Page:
Via Alejandro Rojas
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Native soils with their microbiotas elicit a state of alert in tomato plants

Native soils with their microbiotas elicit a state of alert in tomato plants | The Plant Microbiome | Scoop.it

Several studies have investigated soil microbial biodiversity, but understanding of the mechanisms underlying plant responses to soil microbiota remains in its infancy. Here, we focused on tomato (Solanum lycopersicum), testing the hypothesis that plants grown on native soils display different responses to soil microbiotas. Using transcriptomics, proteomics, and biochemistry, we describe the responses of two tomato genotypes (susceptible or resistant to Fusarium oxysporum f. sp. lycopersici) grown on an artificial growth substrate and two native soils (conducive and suppressive to Fusarium). Native soils affected tomato responses by modulating pathways involved in responses to oxidative stress, phenol biosynthesis, lignin deposition, and innate immunity, particularly in the suppressive soil. In tomato plants grown on steam-disinfected soils, total phenols and lignin decreased significantly. The inoculation of a mycorrhizal fungus partly rescued this response locally and systemically. Plants inoculated with the fungal pathogen showed reduced disease symptoms in the resistant genotype in both soils, but the susceptible genotype was partially protected from the pathogen only when grown on the suppressive soil. The ‘state of alert’ detected in tomatoes reveals novel mechanisms operating in plants in native soils and the soil microbiota appears to be one of the drivers of these plant responses.

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Rhizobia: from saprophytes to endosymbionts

Rhizobia: from saprophytes to endosymbionts | The Plant Microbiome | Scoop.it
Rhizobia are some of the best-studied plant microbiota. These oligotrophic Alphaproteobacteria or Betaproteobacteria form symbioses with their legume hosts. Rhizobia must exist in soil and compete with other members of the microbiota before infecting legumes and forming N2-fixing bacteroids. These dramatic lifestyle and developmental changes are underpinned by large genomes and even more complex pan-genomes, which encompass the whole population and are subject to rapid genetic exchange. The ability to respond to plant signals and chemoattractants and to colonize nutrient-rich roots are crucial for the competitive success of these bacteria. The availability of a large body of genomic, physiological, biochemical and ecological studies makes rhizobia unique models for investigating community interactions and plant colonization.


Via Jean-Michel Ané
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Assembly and ecological function of the root microbiome across angiosperm plant species

Assembly and ecological function of the root microbiome across angiosperm plant species | The Plant Microbiome | Scoop.it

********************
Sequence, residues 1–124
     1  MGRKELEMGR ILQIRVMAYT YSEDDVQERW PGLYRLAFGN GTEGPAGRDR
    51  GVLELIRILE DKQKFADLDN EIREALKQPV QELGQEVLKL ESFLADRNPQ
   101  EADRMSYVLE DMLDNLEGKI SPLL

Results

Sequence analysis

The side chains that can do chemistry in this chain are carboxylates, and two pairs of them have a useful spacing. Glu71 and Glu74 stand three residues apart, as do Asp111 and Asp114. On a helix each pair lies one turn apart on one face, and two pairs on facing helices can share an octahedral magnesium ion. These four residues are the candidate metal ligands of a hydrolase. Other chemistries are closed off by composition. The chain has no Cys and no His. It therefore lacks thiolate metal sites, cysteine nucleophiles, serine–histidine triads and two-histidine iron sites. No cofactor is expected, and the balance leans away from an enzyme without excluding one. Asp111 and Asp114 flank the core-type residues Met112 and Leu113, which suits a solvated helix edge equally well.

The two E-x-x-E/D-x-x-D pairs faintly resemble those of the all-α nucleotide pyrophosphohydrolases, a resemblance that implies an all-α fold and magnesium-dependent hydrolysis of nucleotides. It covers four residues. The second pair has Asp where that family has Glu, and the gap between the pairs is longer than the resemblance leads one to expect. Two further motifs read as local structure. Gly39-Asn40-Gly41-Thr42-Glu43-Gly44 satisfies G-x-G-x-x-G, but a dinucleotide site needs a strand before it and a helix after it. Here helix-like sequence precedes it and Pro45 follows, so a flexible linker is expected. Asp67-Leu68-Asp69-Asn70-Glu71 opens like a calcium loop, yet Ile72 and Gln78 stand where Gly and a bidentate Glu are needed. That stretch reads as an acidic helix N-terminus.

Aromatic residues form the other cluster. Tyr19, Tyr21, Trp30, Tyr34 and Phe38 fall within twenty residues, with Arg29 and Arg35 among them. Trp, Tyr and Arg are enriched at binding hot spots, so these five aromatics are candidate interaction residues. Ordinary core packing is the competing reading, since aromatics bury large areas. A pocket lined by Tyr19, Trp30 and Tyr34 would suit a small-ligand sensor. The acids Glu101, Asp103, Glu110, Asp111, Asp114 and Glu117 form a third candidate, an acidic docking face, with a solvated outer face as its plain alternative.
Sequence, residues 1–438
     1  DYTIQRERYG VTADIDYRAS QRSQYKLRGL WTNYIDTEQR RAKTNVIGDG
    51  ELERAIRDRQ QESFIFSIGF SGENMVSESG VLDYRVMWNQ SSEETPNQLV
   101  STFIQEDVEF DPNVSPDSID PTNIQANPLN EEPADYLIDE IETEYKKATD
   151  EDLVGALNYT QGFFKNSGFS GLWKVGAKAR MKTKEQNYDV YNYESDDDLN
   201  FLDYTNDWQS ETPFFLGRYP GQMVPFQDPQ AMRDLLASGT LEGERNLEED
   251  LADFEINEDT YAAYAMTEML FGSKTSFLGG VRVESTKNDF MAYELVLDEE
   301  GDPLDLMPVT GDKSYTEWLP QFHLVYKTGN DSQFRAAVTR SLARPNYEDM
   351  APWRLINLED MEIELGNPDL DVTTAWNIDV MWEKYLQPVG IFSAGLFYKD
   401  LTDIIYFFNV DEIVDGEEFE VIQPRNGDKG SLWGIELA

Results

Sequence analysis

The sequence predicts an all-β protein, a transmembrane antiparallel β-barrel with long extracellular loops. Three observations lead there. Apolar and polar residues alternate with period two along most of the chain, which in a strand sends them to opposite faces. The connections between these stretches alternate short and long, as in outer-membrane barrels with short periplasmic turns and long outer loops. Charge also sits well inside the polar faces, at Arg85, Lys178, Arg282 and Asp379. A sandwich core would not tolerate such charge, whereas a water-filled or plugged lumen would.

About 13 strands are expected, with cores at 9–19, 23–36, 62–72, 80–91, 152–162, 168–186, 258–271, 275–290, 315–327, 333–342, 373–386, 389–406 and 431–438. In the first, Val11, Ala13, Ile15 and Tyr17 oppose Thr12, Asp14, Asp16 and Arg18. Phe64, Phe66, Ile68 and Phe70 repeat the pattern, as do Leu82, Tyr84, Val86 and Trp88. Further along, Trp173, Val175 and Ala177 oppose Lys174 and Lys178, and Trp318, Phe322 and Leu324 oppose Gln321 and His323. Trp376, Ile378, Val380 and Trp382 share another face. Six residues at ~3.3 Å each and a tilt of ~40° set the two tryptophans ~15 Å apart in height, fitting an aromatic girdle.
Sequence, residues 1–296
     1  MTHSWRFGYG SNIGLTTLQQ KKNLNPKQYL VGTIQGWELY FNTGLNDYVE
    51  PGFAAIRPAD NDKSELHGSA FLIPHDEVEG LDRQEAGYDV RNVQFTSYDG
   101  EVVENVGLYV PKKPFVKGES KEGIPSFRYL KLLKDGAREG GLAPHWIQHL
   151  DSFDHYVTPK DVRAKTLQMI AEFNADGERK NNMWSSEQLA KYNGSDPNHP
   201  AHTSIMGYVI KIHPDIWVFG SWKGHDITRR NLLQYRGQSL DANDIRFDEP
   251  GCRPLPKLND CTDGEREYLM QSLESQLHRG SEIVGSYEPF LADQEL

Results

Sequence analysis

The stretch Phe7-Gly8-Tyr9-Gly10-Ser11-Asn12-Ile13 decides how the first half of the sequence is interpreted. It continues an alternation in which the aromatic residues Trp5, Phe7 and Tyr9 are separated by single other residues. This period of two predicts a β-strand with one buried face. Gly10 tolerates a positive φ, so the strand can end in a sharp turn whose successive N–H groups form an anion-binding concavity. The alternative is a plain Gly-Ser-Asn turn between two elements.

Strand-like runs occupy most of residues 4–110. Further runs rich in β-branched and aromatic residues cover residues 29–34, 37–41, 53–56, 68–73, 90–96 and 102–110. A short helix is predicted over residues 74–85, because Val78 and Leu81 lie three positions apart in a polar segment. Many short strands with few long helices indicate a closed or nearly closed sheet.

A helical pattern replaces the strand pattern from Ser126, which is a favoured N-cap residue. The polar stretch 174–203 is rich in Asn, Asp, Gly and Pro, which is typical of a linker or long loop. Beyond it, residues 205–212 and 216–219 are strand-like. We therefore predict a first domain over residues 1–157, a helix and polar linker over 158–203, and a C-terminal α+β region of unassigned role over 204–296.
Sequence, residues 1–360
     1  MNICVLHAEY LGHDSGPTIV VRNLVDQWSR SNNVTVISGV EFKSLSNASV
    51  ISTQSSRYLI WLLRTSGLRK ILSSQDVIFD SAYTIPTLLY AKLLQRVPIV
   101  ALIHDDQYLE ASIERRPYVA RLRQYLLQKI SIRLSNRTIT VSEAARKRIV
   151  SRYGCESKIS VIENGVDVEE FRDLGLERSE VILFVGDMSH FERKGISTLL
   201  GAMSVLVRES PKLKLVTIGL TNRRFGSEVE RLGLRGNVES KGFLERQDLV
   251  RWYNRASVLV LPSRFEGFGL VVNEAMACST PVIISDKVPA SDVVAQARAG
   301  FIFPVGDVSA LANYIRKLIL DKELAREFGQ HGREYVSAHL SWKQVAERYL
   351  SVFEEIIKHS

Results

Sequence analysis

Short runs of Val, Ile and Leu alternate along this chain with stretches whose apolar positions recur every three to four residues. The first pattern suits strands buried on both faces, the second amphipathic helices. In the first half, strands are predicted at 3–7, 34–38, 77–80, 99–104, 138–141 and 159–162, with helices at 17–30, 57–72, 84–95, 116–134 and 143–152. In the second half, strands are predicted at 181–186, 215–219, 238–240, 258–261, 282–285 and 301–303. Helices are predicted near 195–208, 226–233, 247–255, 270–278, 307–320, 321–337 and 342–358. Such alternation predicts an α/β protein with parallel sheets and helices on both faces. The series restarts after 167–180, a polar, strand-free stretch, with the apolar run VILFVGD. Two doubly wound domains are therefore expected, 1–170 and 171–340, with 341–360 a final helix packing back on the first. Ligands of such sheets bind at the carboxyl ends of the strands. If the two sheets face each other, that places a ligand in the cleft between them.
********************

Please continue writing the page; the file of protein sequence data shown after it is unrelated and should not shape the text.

Across plants and animals, host-associated microbial communities play fundamental roles in host nutrition, development, and immunity. The factors that shape host–microbiome interactions are poorly understood, yet essential for understanding the evolution and ecology of these symbioses. Plant roots assemble two distinct microbial compartments from surrounding soil: the rhizosphere (microbes surrounding roots) and the endosphere (microbes within roots). Root-associated microbes were key for the evolution of land plants and underlie fundamental ecosystem processes. However, it is largely unknown how plant evolution has shaped root microbial communities, and in turn, how these microbes affect plant ecology, such as the ability to mitigate biotic and abiotic stressors. Here we show that variation among 30 angiosperm species, which have diverged for up to 140 million years, affects root bacterial diversity and composition. Greater similarity in root microbiomes between hosts leads to negative effects on plant performance through soil feedback, with specific microbial taxa in the endosphere and rhizosphere potentially affecting competitive interactions among plant species. Drought also shifts the composition of root microbiomes, most notably by increasing the relative abundance of the Actinobacteria. However, this drought response varies across host plant species, and host-specific changes in the relative abundance of endosphere Streptomyces are associated with host drought tolerance. Our results emphasize the causes of variation in root microbiomes and their ecological importance for plant performance in response to biotic and abiotic stressors.

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The genome and microbiome of a dikaryotic fungus (Inocybe terrigena, Inocybaceae) revealed by metagenomics

The genome and microbiome of a dikaryotic fungus (Inocybe terrigena, Inocybaceae) revealed by metagenomics | The Plant Microbiome | Scoop.it